purchase a hosting service, don’t need to tinker with code, don’t need
to manage passwords (beyond your own Gmail password)… well, it’s just
And from a designer’s point of view…Wonder Forest
BlogTrends on Twitter recently asked: “Blogger is free; Is being self-hosted on WordPress really worth the financial investment?”
I’ve been wanting to write a post about Blogger vs. WordPress for quite some time so this seemed like the perfect opportunity.
To answer the question, it really depends. First of all, I work with both Blogger
and WordPress. This blog is hosted on Blogger, and I also do websites
for businesses using WordPress often. I’ve had my own self-hosted
Wordpress sites in the past so I’m not completely against one or the
other. The thing is, however, there seems to be this idea that if you
want to be taken seriously, you need a WordPress blog. This simply is
not true, and I’ll tell you why sometimes WordPress isn’t a good idea for some.
Please note that in this post I am particularly talking about the
self-hosted version of WordPress, not the “yourname.wordpress.com”
shared hosting version, as that doesn’t even compare to either and
offers only a fraction of the abilities.
Let’s get right to it. Blogger offers a free service that is easy to
customize. All of your content is stored on the Google servers, so you
don’t have to worry about hosting fees, or even bandwidth. There is a
limited number of widgets you can add to your sidebar, however I don’t
find that many more are usually needed anyways. You can control the
layout and design through Blogger’s simple editors and see your changes
in real-time through the Template Editor. The post editor also offers
all of the basic functions you need to compose nice posts, as well as an
HTML area for more advanced users. Photos are uploaded through Google
Picasa, which again is stored on your own Google account and not on your
own servers. You can easily backup your blog and content through the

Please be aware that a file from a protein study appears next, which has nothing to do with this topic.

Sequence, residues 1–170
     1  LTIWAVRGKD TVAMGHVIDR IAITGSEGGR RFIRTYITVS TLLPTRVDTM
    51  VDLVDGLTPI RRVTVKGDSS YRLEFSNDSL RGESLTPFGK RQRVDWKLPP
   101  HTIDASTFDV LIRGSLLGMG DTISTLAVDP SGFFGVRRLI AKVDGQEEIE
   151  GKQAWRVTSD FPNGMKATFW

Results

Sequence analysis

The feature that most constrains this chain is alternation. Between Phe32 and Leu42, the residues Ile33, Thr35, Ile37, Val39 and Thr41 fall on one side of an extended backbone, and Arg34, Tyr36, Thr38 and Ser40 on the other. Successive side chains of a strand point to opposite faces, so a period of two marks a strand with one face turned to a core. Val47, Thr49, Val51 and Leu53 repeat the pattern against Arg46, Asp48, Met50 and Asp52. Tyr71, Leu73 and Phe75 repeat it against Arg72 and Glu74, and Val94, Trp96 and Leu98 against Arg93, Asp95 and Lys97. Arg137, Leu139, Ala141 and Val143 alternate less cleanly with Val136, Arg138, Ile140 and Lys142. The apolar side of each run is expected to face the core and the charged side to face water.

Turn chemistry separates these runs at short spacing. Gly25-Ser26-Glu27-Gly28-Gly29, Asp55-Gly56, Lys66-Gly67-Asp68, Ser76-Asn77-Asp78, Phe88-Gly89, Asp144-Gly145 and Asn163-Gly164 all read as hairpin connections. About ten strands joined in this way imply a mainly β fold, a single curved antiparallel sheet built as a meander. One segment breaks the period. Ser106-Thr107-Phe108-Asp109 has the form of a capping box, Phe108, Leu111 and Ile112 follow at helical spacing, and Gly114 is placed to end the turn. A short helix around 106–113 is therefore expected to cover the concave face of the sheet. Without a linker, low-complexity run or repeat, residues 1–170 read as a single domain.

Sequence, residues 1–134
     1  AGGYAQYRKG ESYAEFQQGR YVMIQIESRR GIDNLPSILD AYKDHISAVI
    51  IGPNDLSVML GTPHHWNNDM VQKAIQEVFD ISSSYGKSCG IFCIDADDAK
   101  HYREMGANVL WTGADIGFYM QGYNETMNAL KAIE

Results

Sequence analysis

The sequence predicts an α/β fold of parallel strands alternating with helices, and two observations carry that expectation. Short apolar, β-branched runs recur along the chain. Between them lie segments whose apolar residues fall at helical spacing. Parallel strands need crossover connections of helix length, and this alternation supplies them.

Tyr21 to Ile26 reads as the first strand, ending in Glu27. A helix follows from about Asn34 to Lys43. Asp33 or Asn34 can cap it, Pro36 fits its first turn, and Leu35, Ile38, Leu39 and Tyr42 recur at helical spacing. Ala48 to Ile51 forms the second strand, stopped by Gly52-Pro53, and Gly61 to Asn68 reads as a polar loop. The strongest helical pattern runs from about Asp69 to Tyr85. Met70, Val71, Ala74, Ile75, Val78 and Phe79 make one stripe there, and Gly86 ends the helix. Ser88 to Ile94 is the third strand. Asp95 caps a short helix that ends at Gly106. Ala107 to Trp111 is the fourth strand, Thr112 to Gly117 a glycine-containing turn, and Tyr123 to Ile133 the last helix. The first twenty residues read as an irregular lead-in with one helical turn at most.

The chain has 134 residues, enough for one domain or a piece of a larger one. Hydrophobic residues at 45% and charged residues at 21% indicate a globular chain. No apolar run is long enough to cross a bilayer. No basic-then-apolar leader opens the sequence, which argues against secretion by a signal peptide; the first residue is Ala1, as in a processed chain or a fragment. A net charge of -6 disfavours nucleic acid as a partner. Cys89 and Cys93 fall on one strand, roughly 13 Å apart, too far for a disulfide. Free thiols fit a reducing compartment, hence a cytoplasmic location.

WordPress is a more complex platform. Before you install it, you will need to search for a web host
that offers the space, uptime, and bandwidth that your site needs…
hopefully at a reasonable monthly cost. If you’re not familiar with web
hosting, it’s pretty common that you could be overpaying for services
that you don’t need, and on the flipside you could also not be paying
for enough. Websites with a lot of traffic consume a greater amount of
bandwidth. Bandwidth can be thought of pretty much the same way as your
monthly cellular data plan. Only instead of YOU using the bandwidth
whenever you load something up, your visitors are the ones using it. So
you can imagine some bloggers’ surprise if their web host suspends their
site for going over the bandwidth allowance. A lot of hosts now offer
unlimited bandwidth, but you do still have to follow their rules in
regards to having your site on their servers.
Once you have a web host and plan picked out, you’ll need to install
Wordpress on your server. Some hosts offer a “one-click” method to do
this, while other times you’ll have to manually create databases and
upload everything yourself. After you have configured your site, you’ll
be greeted with a standard, basic WordPress template. Unfortunately,
here is where it could get complicated if you don’t know what you’re
doing. You’ll generally need to hire somebody to create a great template
for you if you’re not savvy with coding/scripting languages. And it can
get a little pricey (trust me, I do this!). That is because templates
on WordPress are actually hand-coded and created from scratch and
contain a number of files and images which are all stored on your
server. Have I lost you yet?
Moving onto creating posts in WordPress. If you have mastered creating
posts, kudos to you! From a beginner’s perspective, this could take a
little time and you could find yourself getting a little frustrated with
formatting woes and HTML additions. Luckily, there are thousands of